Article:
This helped for a while, but when the power of the Holy Spirit started to move almost everyone thought I had something to do with it. In a way, the leader does have something to do with it—about as much as the donkey did when carrying the light burden of Jesus.
The foal of a donkey is not only too young to carry the weight of a full-grown man, but he’s also only able to carry one person at all. I can’t remember how many times I felt the burden of the church while leading, and before the time was finished I was exhausted and wondered if Jesus was praised at all that day. (I’m sure no pastor reading this can relate.)
The truth is, if Christ is all you are carrying as a leader, then you will not be exhausted after the sermon, worship time or whatever your part, but instead you will be exhilarated.
The same goes for the congregation. If 200 people try to climb on the back of a baby donkey, they’ll obviously kill it.
Even if it were possible to have that many people riding, imagine how uncomfortable the ride would be trying not to fall off such a tiny perch. It would quickly lead to rejecting anyone else who wanted to climb onboard, much less a newcomer.
Still, this scenario is played out Sunday after Sunday in churches all over the country. The results can be extremely discouraging and typically ends in performance worship that doesn’t help people to enter in to the Spirit at all.
Jealousy in the Blood
Allow me to pause for a moment and concentrate on this last element as it specifically relates to worship leaders. When a worship leader truly becomes a colt and carries only the “burden” of Jesus on his back, a congregation won’t notice the carrier but instead the rider. The result is that people will see Jesus and respond by lifting their voices and shouting His name, just as they did in Jerusalem.
As any worship leader knows, however, this is easier said than done—especially if a praise team is harboring selfish ambition or jealousy. I know that seems impossible to imagine anyone on the praise team having selfish ambition, but I know this from too many years of experience; if you are a musician or singer, then you have experienced some measure of jealousy and ambition. This jealousy is in the bloodline of every musician who ever lived.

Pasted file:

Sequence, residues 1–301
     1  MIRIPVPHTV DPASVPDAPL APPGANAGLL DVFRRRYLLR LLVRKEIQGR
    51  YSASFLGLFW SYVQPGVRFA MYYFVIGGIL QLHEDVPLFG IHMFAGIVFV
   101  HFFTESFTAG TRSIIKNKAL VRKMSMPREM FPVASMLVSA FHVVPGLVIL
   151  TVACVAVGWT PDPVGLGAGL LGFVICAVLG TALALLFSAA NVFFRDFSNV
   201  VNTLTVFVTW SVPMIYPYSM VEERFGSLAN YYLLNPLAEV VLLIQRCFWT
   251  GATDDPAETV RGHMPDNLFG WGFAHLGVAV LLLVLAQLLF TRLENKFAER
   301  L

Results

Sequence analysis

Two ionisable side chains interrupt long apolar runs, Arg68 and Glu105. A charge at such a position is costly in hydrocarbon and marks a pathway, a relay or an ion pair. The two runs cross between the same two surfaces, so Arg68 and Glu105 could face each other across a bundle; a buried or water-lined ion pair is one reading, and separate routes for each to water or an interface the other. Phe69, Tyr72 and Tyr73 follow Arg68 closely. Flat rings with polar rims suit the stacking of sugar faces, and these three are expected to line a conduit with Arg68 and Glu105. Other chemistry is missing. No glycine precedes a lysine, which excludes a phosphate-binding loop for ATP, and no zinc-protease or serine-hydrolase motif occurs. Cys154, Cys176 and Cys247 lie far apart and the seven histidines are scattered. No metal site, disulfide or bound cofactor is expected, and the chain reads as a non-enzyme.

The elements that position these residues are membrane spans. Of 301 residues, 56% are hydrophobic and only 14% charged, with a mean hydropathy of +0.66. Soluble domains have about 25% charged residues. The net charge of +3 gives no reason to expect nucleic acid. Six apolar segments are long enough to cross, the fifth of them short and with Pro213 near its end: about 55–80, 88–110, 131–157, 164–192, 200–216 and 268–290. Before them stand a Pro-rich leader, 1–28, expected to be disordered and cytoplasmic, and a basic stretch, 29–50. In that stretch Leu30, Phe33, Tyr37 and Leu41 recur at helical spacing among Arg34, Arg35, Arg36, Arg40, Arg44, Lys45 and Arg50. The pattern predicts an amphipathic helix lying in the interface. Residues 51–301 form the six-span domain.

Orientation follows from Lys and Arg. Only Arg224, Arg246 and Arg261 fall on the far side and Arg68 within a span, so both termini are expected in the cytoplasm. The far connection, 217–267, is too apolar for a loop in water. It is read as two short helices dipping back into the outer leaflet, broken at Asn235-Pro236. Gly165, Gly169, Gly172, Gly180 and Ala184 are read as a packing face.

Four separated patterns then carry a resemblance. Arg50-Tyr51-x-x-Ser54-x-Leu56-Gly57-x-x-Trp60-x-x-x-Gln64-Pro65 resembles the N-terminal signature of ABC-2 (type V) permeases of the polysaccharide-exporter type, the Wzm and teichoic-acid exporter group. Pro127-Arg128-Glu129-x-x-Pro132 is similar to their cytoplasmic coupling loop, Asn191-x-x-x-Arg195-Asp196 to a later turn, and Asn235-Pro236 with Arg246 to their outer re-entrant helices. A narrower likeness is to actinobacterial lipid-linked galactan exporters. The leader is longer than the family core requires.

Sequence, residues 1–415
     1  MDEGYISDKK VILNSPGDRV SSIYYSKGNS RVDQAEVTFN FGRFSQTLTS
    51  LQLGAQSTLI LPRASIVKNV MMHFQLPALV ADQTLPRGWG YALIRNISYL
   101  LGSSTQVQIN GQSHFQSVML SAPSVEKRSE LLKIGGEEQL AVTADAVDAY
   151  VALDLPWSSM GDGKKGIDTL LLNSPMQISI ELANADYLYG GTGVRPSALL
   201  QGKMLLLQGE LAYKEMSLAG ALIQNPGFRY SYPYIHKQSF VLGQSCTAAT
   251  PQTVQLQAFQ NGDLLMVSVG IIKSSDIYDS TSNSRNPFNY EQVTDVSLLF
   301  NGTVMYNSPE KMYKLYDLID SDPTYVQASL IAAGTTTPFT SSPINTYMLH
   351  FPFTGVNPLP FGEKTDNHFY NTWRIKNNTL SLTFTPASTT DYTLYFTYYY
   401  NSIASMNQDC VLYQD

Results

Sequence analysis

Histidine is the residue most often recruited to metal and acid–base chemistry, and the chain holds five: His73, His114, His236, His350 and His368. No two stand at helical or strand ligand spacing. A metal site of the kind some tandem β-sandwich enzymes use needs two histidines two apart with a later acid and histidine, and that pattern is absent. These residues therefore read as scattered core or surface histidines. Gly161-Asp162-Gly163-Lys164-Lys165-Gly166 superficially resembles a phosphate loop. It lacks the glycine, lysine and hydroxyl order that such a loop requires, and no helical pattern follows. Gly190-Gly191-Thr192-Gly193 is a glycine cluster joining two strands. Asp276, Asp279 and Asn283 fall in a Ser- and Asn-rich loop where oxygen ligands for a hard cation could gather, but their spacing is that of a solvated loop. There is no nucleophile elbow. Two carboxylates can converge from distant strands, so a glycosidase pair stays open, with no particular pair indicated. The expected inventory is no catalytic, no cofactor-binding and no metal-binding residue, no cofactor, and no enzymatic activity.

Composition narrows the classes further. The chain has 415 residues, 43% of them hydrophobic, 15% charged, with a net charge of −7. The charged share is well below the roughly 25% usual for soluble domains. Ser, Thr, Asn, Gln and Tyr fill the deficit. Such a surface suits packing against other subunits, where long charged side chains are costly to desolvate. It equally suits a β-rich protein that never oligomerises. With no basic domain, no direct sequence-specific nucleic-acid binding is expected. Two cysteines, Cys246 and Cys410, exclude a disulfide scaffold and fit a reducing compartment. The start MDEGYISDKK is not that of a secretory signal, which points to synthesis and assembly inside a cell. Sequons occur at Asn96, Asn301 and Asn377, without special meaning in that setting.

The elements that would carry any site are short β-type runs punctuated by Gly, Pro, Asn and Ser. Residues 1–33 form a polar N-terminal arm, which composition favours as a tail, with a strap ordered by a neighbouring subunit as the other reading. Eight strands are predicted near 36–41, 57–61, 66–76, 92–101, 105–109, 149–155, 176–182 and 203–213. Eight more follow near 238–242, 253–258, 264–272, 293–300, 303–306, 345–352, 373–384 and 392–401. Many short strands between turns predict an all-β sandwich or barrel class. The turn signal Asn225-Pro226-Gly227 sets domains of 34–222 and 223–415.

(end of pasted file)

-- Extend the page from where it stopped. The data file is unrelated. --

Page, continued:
Genesis 4:21 tells us that the father of all who play music is a man named Jubal. He was the great-great-great-grandson of Cain, the man who killed his brother because of jealousy, envy and strife. So musicians are inherently in the lineage of Cain. Fortunately for us, this “bad blood” can be quickly dealt with by simply going to the cross of Jesus, asking forgiveness for our jealousy and confessing it when it tries to come back. Getting real about the feelings all musicians have is the fastest way to get rid of such a mess.
Remember that musicians are supposed to carry enough authority in their musicianship to drive demons out of a place. This was the gift that David had as a young boy who played for Saul when he was demon-possessed. After the sound of David’s harp reached Saul’s spirit it relieved Saul and he returned to his right mind (see 1 Sam. 16:23).
Likewise, countless worshipers come into a Sunday morning tormented by outside forces—many not even knowing this is the case. The Holy Spirit is always present, but the many distractions the people of God have in their lives causes them to miss this presence. A praise leader with authority drives back these distractions and causes people to awaken to the awesome presence of God.